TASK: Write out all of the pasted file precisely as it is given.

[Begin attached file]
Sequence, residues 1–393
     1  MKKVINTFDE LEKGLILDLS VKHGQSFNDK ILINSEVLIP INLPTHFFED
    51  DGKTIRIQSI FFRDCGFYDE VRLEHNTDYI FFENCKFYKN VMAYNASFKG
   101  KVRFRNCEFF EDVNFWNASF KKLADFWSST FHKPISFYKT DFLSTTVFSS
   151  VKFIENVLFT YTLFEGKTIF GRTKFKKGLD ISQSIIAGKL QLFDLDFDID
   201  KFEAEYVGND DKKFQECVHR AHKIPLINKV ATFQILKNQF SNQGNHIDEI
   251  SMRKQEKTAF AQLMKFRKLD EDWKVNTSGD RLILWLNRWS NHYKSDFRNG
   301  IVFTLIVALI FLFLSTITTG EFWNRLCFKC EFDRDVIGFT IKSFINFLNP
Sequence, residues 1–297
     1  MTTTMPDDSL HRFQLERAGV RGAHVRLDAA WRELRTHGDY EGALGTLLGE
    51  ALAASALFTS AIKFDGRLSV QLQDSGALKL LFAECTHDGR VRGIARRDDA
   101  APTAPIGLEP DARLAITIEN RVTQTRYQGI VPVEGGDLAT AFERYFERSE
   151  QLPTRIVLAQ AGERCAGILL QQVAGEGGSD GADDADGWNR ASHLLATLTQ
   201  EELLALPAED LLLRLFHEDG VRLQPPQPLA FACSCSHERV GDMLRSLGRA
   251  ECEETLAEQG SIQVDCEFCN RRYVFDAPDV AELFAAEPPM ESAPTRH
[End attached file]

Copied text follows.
Sequence, residues 1–393
     1  MKKVINTFDE LEKGLILDLS VKHGQSFNDK ILINSEVLIP INLPTHFFED
    51  DGKTIRIQSI FFRDCGFYDE VRLEHNTDYI FFENCKFYKN VMAYNASFKG
   101  KVRFRNCEFF EDVNFWNASF KKLADFWSST FHKPISFYKT DFLSTTVFSS
   151  VKFIENVLFT YTLFEGKTIF GRTKFKKGLD ISQSIIAGKL QLFDLDFDID
   201  KFEAEYVGND DKKFQECVHR AHKIPLINKV ATFQILKNQF SNQGNHIDEI
   251  SMRKQEKTAF AQLMKFRKLD EDWKVNTSGD RLILWLNRWS NHYKSDFRNG
   301  IVFTLIVALI FLFLSTITTG EFWNRLCFKC EFDRDVIGFT IKSFINFLNP
Sequence, residues 1–297
     1  MTTTMPDDSL HRFQLERAGV RGAHVRLDAA WRELRTHGDY EGALGTLLGE
    51  ALAASALFTS AIKFDGRLSV QLQDSGALKL LFAECTHDGR VRGIARRDDA
   101  APTAPIGLEP DARLAITIEN RVTQTRYQGI VPVEGGDLAT AFERYFERSE
   151  QLPTRIVLAQ AGERCAGILL QQVAGEGGSD GADDADGWNR ASHLLATLTQ
   201  EELLALPAED LLLRLFHEDG VRLQPPQPLA FACSCSHERV GDMLRSLGRA
   251  ECEETLAEQG SIQVDCEFCN RRYVFDAPDV AELFAAEPPM ESAPTRH